New ethnicity report highlights variation in health outcomes in rheumatology practice

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The report shows a link between ethnicity and health outcomes in people with early inflammatory arthritis in England and Wales.

Dr Kanta Kumar, of the Institute of Clinical Sciences, together with rheumatology teams across the UK, has played a key role in a Healthcare Quality Improvement Partnership (HQIP) report, the 'National Early Inflammatory Arthritis Audit', which shows a link between ethnicity and health outcomes in people with early inflammatory arthritis in England and Wales.

Using data collected from over 35,000 patients seen for the first time within specialist rheumatology services between May 2018 and March 2020, the report shows an association between ethnicity, processes of care and health outcomes, highlighting the variation between ethnic groups.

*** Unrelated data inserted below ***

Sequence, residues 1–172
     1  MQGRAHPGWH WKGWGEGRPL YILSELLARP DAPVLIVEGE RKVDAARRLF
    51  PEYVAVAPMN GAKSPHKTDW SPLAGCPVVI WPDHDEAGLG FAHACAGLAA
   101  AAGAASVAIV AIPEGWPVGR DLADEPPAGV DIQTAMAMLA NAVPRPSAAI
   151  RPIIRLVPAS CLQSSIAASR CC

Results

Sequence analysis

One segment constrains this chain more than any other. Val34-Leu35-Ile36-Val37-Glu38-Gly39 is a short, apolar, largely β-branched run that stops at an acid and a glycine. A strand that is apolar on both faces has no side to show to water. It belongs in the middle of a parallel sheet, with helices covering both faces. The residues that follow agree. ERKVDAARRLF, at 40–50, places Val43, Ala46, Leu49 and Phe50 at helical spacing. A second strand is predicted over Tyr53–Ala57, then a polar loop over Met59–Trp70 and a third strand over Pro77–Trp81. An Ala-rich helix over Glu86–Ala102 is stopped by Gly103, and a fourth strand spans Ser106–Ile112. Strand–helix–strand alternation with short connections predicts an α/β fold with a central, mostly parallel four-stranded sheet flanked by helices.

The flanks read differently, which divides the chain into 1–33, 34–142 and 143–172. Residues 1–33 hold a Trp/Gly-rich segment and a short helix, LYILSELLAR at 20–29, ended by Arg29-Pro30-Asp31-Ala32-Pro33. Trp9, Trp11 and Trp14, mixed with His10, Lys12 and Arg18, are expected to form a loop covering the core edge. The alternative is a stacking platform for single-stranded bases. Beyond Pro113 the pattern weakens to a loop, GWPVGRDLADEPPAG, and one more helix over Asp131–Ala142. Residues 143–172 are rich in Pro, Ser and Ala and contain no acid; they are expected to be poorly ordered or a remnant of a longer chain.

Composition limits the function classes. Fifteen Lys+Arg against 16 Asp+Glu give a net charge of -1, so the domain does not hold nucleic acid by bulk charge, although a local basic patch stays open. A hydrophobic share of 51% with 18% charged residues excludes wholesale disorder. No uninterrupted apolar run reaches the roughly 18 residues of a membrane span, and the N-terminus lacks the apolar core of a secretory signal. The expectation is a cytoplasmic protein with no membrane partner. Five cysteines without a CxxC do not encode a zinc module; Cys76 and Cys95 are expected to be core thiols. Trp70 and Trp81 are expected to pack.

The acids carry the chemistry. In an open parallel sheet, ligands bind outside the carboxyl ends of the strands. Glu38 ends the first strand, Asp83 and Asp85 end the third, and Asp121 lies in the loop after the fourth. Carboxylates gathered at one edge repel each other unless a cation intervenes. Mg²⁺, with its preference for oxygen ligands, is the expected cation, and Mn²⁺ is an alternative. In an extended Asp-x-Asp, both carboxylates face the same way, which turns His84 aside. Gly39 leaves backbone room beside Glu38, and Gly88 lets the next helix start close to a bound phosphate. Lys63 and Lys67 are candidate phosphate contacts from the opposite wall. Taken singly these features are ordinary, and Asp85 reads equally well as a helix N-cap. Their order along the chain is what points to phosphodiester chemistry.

The key findings show that although Black, Asian and ethnic minority patients were younger and more likely to be referred to rheumatology services within three working days, they were less likely to achieve remission at three months and more likely to report symptoms of anxiety and depressions.

COVID-19 also shone additional light on inequalities experienced by individuals from Black, Asian and ethnic minority groups, and the report demonstrates the widespread disparities in outcomes experienced in rheumatology care by people from ethnic minority groups. 

Reducing healthcare inequalities is recognised nationally and internationally as a priority; the report adds to the growing body of evidence of inequalities in health care and the recommendations provide key areas of focus.

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